What do disputes about the value of the late Michael Jackson’s image and the divorce of Bill and Melinda Gates have in common? No, it’s not a joke, or at least not a very funny one — the answer is that they both highlight just how difficult administering a wealth tax would be.
As I’ve noted here in the past, one of the most significant issues any wealth tax must grapple with is how to value non-liquid assets. In order to calculate tax liability based on net worth, it’s necessary to establish how much a taxpayer’s assets are actually worth. That’s fairly easy for things like stocks and bonds, but it’s much harder for other things, such as, for example, a celebrity’s image and likeness.
Michael Jackson’s death in 2009 incurred an estate tax bill for his heirs, which necessitated a valuation of his image. When his estate filed its initial estate tax return, it valued his image at $2,105. The IRS, on the other hand, valued it at $434 million.
Twelve years and a 271-page ruling later, a judge ruled in favor of Jackson’s estate, valuing Jackson’s image at a far more modest $4 million. In his ruling, the judge had to consider how scandals and inability to land a sponsor for Jackson’s final “comeback” tour affected his image’s value.
Now, all that effort went into valuing Jackson’s image at a single point in time. Imagine if the IRS and Jackson had had to duke it out over how much his likeness was worth every single year of Jackson’s career, with all its peaks and valleys. Now imagine the IRS having to do that same yearly task with hundreds of wealthy celebrities and titans of business with the wild ups and downs of their public images. And finally, consider that that’s just one form of non-liquid asset the IRS would be tasked with valuing. You’re left with a task that would make Sisyphus getting that boulder up the hill look easy by comparison.
I’ve also noted in the past that another problem that any wealth tax regime would have to handle is how to deal with private foundation assets. The architects of Senator Elizabeth Warren’s (D-MA) wealth tax proposal have argued that rich Americans should have to pay tax not just on their private holdings but also the assets of private charitable foundations with which they’re associated.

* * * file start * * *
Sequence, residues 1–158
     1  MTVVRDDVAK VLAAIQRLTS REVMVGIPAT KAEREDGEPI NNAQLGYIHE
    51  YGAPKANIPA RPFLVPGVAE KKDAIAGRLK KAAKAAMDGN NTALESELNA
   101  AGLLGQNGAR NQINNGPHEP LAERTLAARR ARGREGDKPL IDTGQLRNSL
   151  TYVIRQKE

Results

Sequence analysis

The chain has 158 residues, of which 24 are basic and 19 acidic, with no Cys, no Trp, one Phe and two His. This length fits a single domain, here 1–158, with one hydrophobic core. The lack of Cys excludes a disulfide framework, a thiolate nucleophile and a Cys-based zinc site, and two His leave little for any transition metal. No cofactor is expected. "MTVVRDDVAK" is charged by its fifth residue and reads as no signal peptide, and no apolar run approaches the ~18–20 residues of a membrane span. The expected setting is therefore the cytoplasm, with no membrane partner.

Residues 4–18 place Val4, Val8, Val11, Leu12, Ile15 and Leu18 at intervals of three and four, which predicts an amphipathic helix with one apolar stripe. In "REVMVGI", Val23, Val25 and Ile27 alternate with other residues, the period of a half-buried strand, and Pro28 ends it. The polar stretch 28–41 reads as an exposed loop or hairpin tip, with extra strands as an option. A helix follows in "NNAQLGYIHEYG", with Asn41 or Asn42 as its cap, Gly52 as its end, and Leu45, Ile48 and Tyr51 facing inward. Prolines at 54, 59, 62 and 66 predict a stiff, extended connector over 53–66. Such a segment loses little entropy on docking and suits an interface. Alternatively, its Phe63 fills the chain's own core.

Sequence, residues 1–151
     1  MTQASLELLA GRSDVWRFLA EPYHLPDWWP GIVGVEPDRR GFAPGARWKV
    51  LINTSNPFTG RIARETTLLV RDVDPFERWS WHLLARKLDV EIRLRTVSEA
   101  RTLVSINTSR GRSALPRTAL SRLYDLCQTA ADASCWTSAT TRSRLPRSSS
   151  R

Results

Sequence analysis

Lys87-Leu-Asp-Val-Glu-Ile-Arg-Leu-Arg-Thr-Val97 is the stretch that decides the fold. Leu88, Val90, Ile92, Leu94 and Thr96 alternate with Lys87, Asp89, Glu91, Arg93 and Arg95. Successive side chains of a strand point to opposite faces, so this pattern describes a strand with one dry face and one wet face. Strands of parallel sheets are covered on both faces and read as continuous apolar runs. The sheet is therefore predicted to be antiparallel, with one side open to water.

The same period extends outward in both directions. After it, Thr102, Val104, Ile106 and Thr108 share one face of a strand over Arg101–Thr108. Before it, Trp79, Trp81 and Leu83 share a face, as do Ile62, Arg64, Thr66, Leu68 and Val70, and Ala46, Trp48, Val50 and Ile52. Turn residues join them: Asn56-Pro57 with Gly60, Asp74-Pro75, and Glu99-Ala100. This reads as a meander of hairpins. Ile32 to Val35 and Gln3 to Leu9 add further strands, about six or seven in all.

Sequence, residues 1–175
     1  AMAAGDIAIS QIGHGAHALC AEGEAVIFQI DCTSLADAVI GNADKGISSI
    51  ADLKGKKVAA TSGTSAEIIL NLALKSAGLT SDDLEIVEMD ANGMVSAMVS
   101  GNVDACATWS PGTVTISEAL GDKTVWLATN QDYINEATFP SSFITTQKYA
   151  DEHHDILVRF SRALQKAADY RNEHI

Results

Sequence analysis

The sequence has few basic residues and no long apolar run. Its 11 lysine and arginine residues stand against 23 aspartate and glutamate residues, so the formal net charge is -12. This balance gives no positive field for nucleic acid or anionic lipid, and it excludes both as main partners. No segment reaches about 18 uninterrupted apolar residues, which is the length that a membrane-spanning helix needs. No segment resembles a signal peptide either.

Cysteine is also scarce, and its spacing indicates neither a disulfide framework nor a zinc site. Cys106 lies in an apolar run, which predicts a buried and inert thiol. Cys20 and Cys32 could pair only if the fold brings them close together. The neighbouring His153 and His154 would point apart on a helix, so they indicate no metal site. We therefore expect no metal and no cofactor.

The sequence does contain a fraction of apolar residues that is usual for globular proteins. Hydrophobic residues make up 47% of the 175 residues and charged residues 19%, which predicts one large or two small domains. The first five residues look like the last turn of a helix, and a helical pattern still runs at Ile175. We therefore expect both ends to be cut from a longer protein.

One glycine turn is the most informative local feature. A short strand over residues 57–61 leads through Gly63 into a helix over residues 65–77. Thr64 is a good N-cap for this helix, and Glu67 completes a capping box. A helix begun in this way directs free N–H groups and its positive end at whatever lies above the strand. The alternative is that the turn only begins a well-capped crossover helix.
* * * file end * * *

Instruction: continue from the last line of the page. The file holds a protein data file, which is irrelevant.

Should a wealth tax become law and the decision is made not to fully exempt foundation assets, how to attribute them to taxpayers is a sticky situation. One potential “solution,” for example, would be to divide foundation assets equally among trustees. While both Gateses are reportedly staying on as trustees of the Bill and Melinda Gates Foundation along with Warren Buffett, their divorce could have changed the apportionment of the Foundation’s assets were a wealth tax in place. This could lead to changes in foundation administration solely for tax planning purposes, rather than for executing its important charitable mission.
It also highlights the complexity such a scheme faces as a private charitable foundation is more distant from the original founder or founders. Attributing foundation assets to a single trustee is thorny enough, but the difficulty only becomes more pronounced as trustees separate and generations pass.
Tax policy may not be the first thing that comes to mind with celebrity gossip, but even Michael Jackson and the Gateses can teach us a lesson about flawed tax policy from time to time. A wealth tax is about as flawed a tax policy as there is.
Andrew Wilford is a policy analyst with the National Taxpayers Union Foundation, a nonprofit dedicated to tax policy research and education at all levels of government.
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